So rather than continue to address more fallacies in the thought pattern that differentiation is beyond reach, I will make this article meaningful for my audience: teachers. Specifically, I write to teachers who want to improve in differentiating instruction for the benefit of their students. Like many others, including Carol Ann Tomlinson (one of our gurus on Differentiation), I suggest starting small with one goal, and then building your repertoire year by year to perfect it. Differentiation is a journey, not a one stop fix or an end point.
The foundations of differentiation are building a collaborative classroom community, establishing consistent routines, and teaching students to have a Growth versus Fixed Mindset. For resources on helping students develop a Growth Mindset, check out Carol Dweck’s mindsetworks.com. Next, during planning, consider your essential questions, objectives, and summative task or assessment. As you scope out your curriculum unit, consider areas where students usually struggle and/or possible misconceptions that commonly arise with a given concept and skill. As you plan, think about informal or formal pre-assessments that could provide you with background on what students know so that the lesson is able to support and/or extend students’ learning. In reviewing this information, begin to plan a few ways to teach the concept, possibly using a hands-on approach, visual supports, cooperative learning, and a blended learning component from KhanAcademy.org or LearnZillion.com. Think about the assessments that will be used, and consider providing students with a choice in how they will demonstrate their mastery on this concept, moving beyond just paper and pencil. At this point, you are differentiating instruction, which just so happens to be good for ALL students. Check out daretodifferentiate.wikispaces.com for hundreds of pre-created learning menus on various subjects and objectives. Feel free to contact me for helpful advice and resources to start or continue your differentiation journey.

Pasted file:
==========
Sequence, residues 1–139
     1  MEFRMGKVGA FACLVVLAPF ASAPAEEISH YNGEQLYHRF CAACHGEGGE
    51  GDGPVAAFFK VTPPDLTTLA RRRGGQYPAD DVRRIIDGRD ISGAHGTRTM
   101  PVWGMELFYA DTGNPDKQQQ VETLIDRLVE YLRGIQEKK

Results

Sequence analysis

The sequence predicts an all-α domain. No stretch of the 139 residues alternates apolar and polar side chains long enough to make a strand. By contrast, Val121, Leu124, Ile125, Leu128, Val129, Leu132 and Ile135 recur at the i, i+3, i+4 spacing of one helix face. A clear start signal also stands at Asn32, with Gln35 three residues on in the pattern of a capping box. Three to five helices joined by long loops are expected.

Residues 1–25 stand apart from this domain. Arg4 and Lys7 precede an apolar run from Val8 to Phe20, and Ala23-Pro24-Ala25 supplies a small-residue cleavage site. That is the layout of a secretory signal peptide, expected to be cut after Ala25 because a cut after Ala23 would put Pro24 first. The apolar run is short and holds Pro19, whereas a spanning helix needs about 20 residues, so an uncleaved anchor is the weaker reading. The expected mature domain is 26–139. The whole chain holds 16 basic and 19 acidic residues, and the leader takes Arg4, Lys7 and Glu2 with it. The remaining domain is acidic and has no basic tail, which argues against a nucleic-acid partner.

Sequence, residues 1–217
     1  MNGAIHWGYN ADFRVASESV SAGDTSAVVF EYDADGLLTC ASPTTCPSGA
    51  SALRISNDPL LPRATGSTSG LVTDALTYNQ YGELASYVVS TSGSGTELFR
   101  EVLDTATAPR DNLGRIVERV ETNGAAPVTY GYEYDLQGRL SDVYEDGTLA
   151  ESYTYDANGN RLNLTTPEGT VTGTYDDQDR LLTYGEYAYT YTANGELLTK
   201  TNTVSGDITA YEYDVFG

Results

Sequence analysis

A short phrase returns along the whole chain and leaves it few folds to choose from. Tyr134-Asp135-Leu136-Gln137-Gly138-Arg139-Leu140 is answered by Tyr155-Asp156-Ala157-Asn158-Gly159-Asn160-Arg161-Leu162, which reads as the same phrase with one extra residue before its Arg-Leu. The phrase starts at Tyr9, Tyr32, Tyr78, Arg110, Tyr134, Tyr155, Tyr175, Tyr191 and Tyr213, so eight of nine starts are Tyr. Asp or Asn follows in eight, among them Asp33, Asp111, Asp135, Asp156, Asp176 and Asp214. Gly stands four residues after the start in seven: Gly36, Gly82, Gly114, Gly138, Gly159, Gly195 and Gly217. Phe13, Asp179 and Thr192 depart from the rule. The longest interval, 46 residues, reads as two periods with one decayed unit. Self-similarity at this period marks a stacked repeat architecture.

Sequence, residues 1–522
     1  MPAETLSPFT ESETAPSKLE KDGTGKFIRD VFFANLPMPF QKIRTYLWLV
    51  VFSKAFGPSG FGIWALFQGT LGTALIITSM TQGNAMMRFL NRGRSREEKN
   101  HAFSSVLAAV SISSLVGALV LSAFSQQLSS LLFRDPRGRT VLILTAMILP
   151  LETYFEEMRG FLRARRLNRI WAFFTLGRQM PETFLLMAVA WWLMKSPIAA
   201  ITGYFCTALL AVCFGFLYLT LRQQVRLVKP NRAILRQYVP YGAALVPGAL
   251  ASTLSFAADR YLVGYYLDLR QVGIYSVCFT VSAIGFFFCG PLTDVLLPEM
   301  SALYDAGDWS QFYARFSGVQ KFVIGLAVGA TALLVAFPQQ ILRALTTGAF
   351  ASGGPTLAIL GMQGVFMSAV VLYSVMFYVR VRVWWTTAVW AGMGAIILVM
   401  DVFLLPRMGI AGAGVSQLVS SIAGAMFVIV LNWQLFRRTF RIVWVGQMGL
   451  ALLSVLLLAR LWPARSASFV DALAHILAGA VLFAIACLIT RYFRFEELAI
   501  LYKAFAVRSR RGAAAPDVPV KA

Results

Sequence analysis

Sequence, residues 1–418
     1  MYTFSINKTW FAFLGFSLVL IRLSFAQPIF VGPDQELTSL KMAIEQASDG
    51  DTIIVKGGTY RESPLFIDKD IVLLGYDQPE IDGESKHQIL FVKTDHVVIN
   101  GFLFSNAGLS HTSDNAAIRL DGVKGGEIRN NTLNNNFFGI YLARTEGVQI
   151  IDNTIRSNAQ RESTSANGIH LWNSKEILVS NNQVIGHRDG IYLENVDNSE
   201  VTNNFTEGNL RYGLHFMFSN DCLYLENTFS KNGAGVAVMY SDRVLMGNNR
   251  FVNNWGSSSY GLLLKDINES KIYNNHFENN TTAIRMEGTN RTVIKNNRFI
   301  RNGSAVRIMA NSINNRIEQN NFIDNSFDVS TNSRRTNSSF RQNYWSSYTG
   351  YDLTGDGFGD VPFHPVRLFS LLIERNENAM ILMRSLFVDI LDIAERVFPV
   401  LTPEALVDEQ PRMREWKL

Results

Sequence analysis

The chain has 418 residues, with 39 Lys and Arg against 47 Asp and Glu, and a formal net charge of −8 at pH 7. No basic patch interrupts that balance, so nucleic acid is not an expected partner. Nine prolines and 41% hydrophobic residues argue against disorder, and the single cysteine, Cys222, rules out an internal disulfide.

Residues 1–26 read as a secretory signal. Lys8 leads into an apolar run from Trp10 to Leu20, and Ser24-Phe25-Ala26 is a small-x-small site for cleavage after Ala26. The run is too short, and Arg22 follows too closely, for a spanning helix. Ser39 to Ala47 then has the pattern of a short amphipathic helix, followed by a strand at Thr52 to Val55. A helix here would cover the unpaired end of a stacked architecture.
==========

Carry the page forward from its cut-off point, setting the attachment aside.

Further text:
At the end of every opinion on differentiation, we have this fact: We have students who need us as educators to have a growth mindset, to help them believe that intelligence is malleable and to value their contributions to our classroom. We owe it to our students to purposefully plan to account for their uniqueness, and although differentiation is not a panacea to all of the education sector’s dilemmas, consider that the alternative is… nothing. Is differentiation expecting too much? I don’t think so.
Editor’s Note: This article has been edited to correctly attribute a quote to Adam Hoppe.
Savanna Flakes, EdS has taught a variety of subjects, grades, and learners in Washington DC, Pittsburgh, and Virginia. She has received numerous honors and awards for her work in education. Savanna is currently an Inclusion Specialist, coaching administrators and teachers on effective inclusive and instructional practices. Savanna has served as a Professor in the American University School of Education and Health and she presents nationally on topics such as Differentiation, Co-teaching, Universal Design for Learning, and Inclusion. As an Education Consultant, she works with school communities to build teacher leaders and utilize effective instructional practices for students with exceptionalities. For more information visit Inclusion For a Better Future at readingforabetterfuture.com.